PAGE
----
By Brett Crowell


The Coronavirus Aid, Relief and Economic Security (CARES) Act provides employers with the opportunity to defer the employer portion of social security taxes (6.2 percent) on wages paid between March 27, 2020 and Dec. 31, 2020. The Act also provides that employers that have a Paycheck Protection Program (PPP) loan forgiven are not eligible for the deferral. Until recently, there was some uncertainty about what would happen to an employer that was deferring payroll taxes and then later had the PPP loan forgiven. Recent IRS guidance clarifies this issue with treatment that is favorable to employers.

In the Q&A released on April 10, the IRS states that any amounts deferred up until the date of PPP loan forgiveness can remain deferred until the applicable payment dates (50 percent due by Dec. 31, 2021 and 50 percent due by Dec. 31, 2022). This means that an employer will not be required to immediately pay back any previously deferred amounts if their loan is eventually forgiven; they merely cannot defer additional payroll tax beyond the date of forgiveness.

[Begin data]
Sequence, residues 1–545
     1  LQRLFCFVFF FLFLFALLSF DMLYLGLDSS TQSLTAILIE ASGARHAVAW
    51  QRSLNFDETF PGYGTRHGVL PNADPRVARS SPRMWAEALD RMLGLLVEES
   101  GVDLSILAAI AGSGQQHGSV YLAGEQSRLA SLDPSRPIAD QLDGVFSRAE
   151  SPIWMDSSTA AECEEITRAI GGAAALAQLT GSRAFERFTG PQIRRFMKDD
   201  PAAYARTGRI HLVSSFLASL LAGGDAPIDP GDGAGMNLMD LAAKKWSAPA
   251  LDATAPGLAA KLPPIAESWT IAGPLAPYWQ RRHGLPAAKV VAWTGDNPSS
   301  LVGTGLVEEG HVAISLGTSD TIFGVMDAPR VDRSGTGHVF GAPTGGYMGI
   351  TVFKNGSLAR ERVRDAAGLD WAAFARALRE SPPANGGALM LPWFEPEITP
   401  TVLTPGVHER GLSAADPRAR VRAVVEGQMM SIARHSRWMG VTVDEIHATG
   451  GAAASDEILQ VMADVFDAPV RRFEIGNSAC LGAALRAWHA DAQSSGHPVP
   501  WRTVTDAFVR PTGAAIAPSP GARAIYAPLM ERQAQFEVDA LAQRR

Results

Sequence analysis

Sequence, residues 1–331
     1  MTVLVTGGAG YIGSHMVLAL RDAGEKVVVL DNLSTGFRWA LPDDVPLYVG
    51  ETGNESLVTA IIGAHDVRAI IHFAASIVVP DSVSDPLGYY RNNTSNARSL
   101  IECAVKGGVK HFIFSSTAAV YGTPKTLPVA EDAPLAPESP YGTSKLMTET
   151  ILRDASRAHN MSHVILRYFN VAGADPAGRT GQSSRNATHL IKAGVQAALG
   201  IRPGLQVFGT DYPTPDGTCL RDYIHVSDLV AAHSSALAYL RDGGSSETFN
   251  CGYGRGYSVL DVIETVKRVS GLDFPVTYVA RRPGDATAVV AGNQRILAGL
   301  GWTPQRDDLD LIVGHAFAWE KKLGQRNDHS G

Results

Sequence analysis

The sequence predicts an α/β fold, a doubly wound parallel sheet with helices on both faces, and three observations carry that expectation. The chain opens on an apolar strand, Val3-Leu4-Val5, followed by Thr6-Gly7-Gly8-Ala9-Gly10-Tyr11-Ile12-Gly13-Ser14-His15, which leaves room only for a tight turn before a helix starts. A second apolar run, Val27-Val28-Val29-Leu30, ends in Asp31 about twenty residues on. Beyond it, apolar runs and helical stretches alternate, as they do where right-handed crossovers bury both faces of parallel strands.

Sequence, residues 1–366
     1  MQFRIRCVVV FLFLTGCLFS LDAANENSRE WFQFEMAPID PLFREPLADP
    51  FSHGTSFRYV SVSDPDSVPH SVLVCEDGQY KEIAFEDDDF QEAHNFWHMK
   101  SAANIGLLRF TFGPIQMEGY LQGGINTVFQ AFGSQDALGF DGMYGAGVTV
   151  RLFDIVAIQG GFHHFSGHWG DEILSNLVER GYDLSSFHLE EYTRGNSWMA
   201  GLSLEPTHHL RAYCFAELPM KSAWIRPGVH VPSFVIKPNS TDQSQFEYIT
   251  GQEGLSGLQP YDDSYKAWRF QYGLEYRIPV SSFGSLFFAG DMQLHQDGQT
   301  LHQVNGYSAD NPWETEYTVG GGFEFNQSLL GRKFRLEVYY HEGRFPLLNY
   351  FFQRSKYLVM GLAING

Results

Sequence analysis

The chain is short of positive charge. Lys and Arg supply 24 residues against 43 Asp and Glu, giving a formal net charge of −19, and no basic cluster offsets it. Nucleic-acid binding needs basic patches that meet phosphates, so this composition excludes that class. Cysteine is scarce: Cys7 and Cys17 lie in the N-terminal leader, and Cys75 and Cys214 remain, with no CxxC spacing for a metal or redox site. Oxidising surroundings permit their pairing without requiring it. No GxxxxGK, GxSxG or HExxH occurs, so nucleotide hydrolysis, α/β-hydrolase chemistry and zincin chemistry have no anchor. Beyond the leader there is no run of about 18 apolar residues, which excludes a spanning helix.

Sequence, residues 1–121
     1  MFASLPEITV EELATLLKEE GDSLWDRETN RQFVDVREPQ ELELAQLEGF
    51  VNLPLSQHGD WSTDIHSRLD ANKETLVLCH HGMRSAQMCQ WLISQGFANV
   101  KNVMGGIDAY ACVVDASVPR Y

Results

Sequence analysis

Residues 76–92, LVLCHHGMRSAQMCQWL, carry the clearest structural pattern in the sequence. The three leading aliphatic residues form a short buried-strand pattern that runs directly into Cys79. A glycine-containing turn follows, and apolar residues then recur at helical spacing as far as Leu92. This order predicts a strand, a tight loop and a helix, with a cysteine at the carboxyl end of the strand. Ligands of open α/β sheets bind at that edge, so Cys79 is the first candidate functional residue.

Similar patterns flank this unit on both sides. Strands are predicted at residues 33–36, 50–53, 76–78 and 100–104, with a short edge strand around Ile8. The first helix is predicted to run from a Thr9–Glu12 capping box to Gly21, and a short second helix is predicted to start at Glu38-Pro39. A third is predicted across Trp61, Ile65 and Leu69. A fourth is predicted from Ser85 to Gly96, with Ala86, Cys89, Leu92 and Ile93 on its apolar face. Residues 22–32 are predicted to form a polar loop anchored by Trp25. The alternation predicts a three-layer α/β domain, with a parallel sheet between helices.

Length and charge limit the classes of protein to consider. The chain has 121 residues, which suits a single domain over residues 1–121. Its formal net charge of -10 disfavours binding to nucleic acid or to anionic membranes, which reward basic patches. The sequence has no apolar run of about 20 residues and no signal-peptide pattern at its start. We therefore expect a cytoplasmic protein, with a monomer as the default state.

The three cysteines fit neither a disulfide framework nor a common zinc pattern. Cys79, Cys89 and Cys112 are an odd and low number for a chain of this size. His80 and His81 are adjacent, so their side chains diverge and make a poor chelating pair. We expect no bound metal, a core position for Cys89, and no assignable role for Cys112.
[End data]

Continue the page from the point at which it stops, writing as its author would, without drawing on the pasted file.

This is welcome news for businesses, as they can take advantage of the cash deferral of payroll taxes for a couple of months and receive the benefit of loan forgiveness.


Example

Company receives PPP loan funds on May 1, 2020. Company’s eight-week spending period for loan forgiveness will end on June 26, 2020. Company will then have 90 days to apply for loan forgiveness, which would be Sept. 24, 2020. Company’s lender will have until Nov. 23, 2020 (60 days) to determine whether Company’s loan will be forgiven.

Using this timeline, Company could potentially defer its portion (6.2 percent) of payroll taxes incurred from March 27, 2020 through Nov. 22, 2020 under the CARES Act provisions. Note that Company’s lender has up to 60 days to make a determination, so it is possible that the period for which payroll taxes can be deferred may be shorter.


If you have any questions, please reach out to GHJ’s COVID-19 Response Team to assist with any aspects of the CARES Act or other COVID-19-related issues.


Read more from GHJ Tax Expert Brett Crowell on Accelerate COVID-19-Related Disaster Losses under Section 165(i).